NY Times picks up promising new columnist: Putin as vintage George Will!

Vladimir Putin trolls the U.S., with a bit of help from a major P.R. firm

By Alex Pareene
September 12, 2013 7:17PM (UTC)
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Russian President Vladimir Putin holds a big pike he caught while fishing during a mini-break in the Siberian Tyva region, Russia. (AP/RIA-Novosti, Alexei Nikolsky, Presidential Press Service)

Vladimir Putin, the president of Russia, wrote an editorial for the New York Times politely asking us not to bomb Syria and also just trolling the hell out of Barack Obama and this entire country. Putin argues for caution, diplomacy and the sanctity of international law as represented by the United Nations, and he argues for all of these things not because he cares about them but because he knows that Barack Obama is on the record as caring about them. Judged by the usual standards of American newspaper opinion columns, this is a good one.  Just as disingenuous and aggravating as George Will at peak form.

Putin is not just mocking the liberal internationalists, either. This paragraph could've come directly from an Op-Ed by a prominent American conservative foreign policy "expert":


No one doubts that poison gas was used in Syria. But there is every reason to believe it was used not by the Syrian Army, but by opposition forces, to provoke intervention by their powerful foreign patrons, who would be siding with the fundamentalists. Reports that militants are preparing another attack — this time against Israel — cannot be ignored.

Yes, here's Vladimir Putin expressing insincere concern for the safety of Israel, just because he knows that will bug people. (More Putin zingers: "The law is still the law, and we must follow it whether we like it or not." Mm hmm.) The guy is clearly enjoying his ability to just repeatedly poke America with sticks.

What I'd imagine is especially obnoxious, from the point of view of the White House and its allies, is that Putin is just not wrong about a lot of this stuff, even if he is being entirely opportunistic. He's right that many of the rebels are mercenaries from other countries, including the sorts of fighters we classify as terrorists; he's right that a military strike could merely spread the conflict and lead to more innocent lives being lost; he's right that "rogue states" seek nuclear weapons in part because having those weapons helps to insulate them from American military intervention; and he's basically right that American exceptionalism as a moral judgment as opposed to one of pure power is basically hokum. (Putin would know about exceptionalism's mythic value, as an ultra-nationalist leader who frequently celebrates the inherent superiority of the Russian people.)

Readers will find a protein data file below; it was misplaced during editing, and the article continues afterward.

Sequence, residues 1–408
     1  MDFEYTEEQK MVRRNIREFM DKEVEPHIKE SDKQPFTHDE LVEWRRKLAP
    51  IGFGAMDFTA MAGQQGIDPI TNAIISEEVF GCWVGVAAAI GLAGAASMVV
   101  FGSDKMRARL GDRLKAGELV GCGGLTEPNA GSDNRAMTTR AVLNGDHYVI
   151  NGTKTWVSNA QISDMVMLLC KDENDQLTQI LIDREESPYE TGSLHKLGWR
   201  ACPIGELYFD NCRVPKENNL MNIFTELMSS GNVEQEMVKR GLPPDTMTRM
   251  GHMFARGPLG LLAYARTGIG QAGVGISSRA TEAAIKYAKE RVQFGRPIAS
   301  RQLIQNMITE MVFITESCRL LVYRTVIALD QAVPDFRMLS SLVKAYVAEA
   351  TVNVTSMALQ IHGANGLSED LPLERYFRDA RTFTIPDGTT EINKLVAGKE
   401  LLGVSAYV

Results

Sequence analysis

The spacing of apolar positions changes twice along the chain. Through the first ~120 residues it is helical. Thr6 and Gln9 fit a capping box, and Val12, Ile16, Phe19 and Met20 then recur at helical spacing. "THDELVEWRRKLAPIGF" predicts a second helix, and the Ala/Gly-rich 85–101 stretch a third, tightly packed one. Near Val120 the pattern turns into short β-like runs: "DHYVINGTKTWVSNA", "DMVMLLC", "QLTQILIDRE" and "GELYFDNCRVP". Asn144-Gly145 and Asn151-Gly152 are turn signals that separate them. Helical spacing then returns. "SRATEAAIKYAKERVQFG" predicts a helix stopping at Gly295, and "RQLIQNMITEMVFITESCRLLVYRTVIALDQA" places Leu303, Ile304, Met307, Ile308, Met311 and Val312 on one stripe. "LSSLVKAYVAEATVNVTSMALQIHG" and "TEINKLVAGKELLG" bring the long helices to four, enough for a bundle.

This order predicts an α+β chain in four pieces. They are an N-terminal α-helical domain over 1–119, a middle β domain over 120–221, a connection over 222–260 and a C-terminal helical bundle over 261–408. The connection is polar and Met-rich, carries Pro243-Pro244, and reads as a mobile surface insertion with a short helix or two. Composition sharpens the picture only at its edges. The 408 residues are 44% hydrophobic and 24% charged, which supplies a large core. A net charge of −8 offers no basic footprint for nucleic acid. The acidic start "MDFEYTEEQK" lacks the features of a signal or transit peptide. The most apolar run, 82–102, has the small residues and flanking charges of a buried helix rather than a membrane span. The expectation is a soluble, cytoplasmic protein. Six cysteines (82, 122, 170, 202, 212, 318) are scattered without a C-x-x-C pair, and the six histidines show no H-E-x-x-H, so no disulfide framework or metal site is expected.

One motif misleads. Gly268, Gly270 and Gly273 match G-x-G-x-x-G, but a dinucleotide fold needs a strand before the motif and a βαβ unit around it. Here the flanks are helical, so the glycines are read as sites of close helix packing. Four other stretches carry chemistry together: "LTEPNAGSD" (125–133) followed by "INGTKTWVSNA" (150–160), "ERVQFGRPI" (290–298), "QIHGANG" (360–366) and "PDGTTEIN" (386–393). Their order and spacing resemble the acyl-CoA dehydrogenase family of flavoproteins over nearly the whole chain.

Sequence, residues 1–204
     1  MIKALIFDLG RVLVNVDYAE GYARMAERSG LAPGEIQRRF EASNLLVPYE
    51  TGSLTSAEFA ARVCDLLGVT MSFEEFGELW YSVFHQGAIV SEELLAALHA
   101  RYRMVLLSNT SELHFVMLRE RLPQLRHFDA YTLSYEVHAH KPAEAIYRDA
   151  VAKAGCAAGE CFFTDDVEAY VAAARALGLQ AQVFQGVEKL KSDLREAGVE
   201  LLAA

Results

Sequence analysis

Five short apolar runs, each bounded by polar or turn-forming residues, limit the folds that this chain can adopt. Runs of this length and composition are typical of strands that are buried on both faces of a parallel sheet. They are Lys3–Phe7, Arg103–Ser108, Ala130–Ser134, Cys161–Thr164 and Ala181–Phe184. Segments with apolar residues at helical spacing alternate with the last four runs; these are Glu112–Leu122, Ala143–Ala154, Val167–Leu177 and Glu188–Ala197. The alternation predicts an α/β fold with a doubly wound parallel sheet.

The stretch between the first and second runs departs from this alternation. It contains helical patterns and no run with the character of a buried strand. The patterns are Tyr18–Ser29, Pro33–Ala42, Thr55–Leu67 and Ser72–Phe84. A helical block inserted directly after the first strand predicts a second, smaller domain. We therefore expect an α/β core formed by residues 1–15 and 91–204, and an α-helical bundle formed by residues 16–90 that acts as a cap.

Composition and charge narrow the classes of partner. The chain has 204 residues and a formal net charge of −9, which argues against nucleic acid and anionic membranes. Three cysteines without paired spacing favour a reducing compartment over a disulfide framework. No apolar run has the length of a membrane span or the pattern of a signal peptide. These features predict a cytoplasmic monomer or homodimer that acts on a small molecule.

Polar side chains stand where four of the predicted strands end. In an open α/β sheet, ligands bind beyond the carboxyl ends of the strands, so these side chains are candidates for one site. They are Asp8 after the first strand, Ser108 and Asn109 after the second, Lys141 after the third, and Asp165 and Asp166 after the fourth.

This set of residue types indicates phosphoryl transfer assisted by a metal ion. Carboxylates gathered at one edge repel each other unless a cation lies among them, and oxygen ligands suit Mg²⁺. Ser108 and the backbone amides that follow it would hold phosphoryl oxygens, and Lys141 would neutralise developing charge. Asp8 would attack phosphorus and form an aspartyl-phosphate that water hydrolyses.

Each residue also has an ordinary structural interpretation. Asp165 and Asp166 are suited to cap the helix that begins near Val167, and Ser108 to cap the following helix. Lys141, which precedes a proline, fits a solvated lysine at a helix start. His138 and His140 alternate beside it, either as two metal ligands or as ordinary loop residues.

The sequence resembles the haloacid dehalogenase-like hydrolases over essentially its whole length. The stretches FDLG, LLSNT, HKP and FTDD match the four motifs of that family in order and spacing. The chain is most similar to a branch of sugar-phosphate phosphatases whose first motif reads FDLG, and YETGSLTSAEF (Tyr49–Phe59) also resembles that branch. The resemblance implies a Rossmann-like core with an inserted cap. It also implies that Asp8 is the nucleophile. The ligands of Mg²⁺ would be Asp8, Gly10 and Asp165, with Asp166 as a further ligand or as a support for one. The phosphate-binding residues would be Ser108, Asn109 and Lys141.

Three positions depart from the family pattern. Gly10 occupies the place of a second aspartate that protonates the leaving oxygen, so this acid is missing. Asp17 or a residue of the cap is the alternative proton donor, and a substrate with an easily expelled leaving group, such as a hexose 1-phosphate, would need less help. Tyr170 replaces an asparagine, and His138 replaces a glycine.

So how did this column end up at the Times? Did Maureen Dowd call him up and say she didn't have any good ideas this week, like she does with Aaron Sorkin sometimes? The column ended up at the Times, it turns out, because of good old-fashioned utterly amoral American capitalism.


The Op-Ed was "placed" at the Times, according to Rosie Gray, by a public relations firm called Ketchum. Ketchum is part of the "Diversified Agency Services" division of a massive multinational corporation called Omnicom, which will someday probably invent Skynet. Ketchum is the Russian government's go-to P.R. firm, responsible for planting Op-Eds favorable to the Russian government in United States outlets like the Huffington Post and CNBC. These Op-Eds often appear, as this one did in the Times, without any indication that they were sourced from a P.R. firm. (Though when Putin's writing the column you do sort of know whose interests the column reflects.)

If you can remember all the way back to the Bush administration, you may remember a curious fact: Ketchum was the P.R. firm the Bush administration kept using in scandalous ways, like when Ketchum arranged for pundit Armstrong Williams to be paid taxpayer dollars to shill for No Child Left Behind, and when Ketchum produced fake news stories, designed to be played as real news stories on local news broadcasts, promoting No Child Left Behind and the Medicare prescription drug benefit program. The GAO called Ketchum's work "covert propaganda." (The Obama administration later hired the firm to promote its electronic medial records push.)

Ketchum is just really good at what it does, in other words -- good enough to repeatedly win contracts from the U.S. and Russian governments -- and what it does is promote anyone or anything by any means, no matter the law or "ethics" or the morality of performing work-for-hire for a journalist-murdering authoritarian currently materially supporting a ruthless strongman.


Of course everyone scoffs at the Putin column -- he's a murderous strongman pretending to care about international law! -- but no one bats an eye when Henry Kissinger gets published. Because he is still a respected statesman.

Alex Pareene

Alex Pareene writes about politics for Salon and is the author of "The Rude Guide to Mitt." Email him at apareene@salon.com and follow him on Twitter @pareene

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New York Times Russia Syria Vladimir Putin War